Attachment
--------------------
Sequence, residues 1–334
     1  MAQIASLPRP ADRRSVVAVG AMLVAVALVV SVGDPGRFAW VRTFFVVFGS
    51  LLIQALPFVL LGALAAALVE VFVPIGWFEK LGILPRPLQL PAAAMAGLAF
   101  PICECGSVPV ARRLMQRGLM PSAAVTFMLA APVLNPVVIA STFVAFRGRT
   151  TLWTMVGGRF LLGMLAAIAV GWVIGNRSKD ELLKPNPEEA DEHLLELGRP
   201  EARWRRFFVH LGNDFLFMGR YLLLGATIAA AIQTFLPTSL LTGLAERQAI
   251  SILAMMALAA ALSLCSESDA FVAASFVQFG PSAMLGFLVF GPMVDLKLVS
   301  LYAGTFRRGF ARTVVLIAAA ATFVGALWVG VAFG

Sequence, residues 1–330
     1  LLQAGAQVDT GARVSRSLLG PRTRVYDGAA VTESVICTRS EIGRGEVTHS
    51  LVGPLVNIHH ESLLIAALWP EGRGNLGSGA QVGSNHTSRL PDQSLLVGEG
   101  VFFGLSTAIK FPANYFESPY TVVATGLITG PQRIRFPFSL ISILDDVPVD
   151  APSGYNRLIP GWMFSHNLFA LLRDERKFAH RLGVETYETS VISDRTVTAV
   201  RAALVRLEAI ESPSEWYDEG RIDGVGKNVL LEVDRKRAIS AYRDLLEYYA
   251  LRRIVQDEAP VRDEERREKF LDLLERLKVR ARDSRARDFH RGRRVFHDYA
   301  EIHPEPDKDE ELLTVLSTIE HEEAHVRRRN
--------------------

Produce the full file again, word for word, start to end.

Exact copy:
Sequence, residues 1–334
     1  MAQIASLPRP ADRRSVVAVG AMLVAVALVV SVGDPGRFAW VRTFFVVFGS
    51  LLIQALPFVL LGALAAALVE VFVPIGWFEK LGILPRPLQL PAAAMAGLAF
   101  PICECGSVPV ARRLMQRGLM PSAAVTFMLA APVLNPVVIA STFVAFRGRT
   151  TLWTMVGGRF LLGMLAAIAV GWVIGNRSKD ELLKPNPEEA DEHLLELGRP
   201  EARWRRFFVH LGNDFLFMGR YLLLGATIAA AIQTFLPTSL LTGLAERQAI
   251  SILAMMALAA ALSLCSESDA FVAASFVQFG PSAMLGFLVF GPMVDLKLVS
   301  LYAGTFRRGF ARTVVLIAAA ATFVGALWVG VAFG

Sequence, residues 1–330
     1  LLQAGAQVDT GARVSRSLLG PRTRVYDGAA VTESVICTRS EIGRGEVTHS
    51  LVGPLVNIHH ESLLIAALWP EGRGNLGSGA QVGSNHTSRL PDQSLLVGEG
   101  VFFGLSTAIK FPANYFESPY TVVATGLITG PQRIRFPFSL ISILDDVPVD
   151  APSGYNRLIP GWMFSHNLFA LLRDERKFAH RLGVETYETS VISDRTVTAV
   201  RAALVRLEAI ESPSEWYDEG RIDGVGKNVL LEVDRKRAIS AYRDLLEYYA
   251  LRRIVQDEAP VRDEERREKF LDLLERLKVR ARDSRARDFH RGRRVFHDYA
   301  EIHPEPDKDE ELLTVLSTIE HEEAHVRRRN